Tropical Storm Chantal is causing heavy rains and flooding in some areas of Mexico's Yucatan peninsula. There is fear the storm could move on to threaten other areas of the country.
Although it never reached hurricane strength, Chantal is bringing much of the hurricane effect to the Yucatan region. Four-meter-high waves are striking beach areas near the Mexican border with Belize. The governor of the state of Quintana Roo has declared a state of emergency as the 100,000 people of the state's capital city, Chetumal, seek shelter from intense rains, flood waters and high winds.
Mexican army units have been helping local civil defense teams in the area. They have moved more than 2,500 people from vulnerable coastal communities to temporary shelters in Chetumal.
Heavy rains have reached as far north as the resort city of Cancun, but there are no reports of serious problems there.
The Mexican National Meteorological Service has warned that Chantal could pose an even bigger threat to populated areas in the hours and days ahead. If the storm passes over the Yucatan peninsula and then gains strength over the Gulf of Mexico, it could reach hurricane status and threaten such Gulf coast states as Tabasco, Campeche and Vera Cruz. Meteorologists say rains spawned by the storm could affect areas far inland, including Mexico City.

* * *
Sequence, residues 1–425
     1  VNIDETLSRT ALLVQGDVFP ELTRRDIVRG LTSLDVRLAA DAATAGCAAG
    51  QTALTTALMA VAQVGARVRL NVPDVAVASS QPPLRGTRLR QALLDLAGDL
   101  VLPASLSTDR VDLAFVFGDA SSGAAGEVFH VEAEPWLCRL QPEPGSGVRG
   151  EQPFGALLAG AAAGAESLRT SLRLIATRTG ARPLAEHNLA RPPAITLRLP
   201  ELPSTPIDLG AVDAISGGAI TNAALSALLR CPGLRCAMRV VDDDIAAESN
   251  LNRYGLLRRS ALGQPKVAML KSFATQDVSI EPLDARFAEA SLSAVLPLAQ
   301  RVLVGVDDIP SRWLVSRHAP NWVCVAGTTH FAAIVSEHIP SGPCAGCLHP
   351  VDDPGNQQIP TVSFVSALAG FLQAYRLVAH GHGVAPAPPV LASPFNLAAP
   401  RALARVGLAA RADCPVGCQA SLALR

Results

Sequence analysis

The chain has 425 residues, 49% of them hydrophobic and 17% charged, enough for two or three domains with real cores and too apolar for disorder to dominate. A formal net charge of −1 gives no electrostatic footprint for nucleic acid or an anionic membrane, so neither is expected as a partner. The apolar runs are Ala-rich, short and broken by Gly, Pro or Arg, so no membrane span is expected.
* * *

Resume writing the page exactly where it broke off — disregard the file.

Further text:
Over the past several days, as Chantal moved through the eastern Caribbean, the storm alternated between signs of weakening and strengthening. The storm brought rains to Jamaica and the Cayman Islands, but caused relatively little damage. Based on that, Mexican storm watchers downgraded their warnings until the storm increased its fury and drove straight for the Yucatan coast. Now storm alerts have been issued for several Mexican states.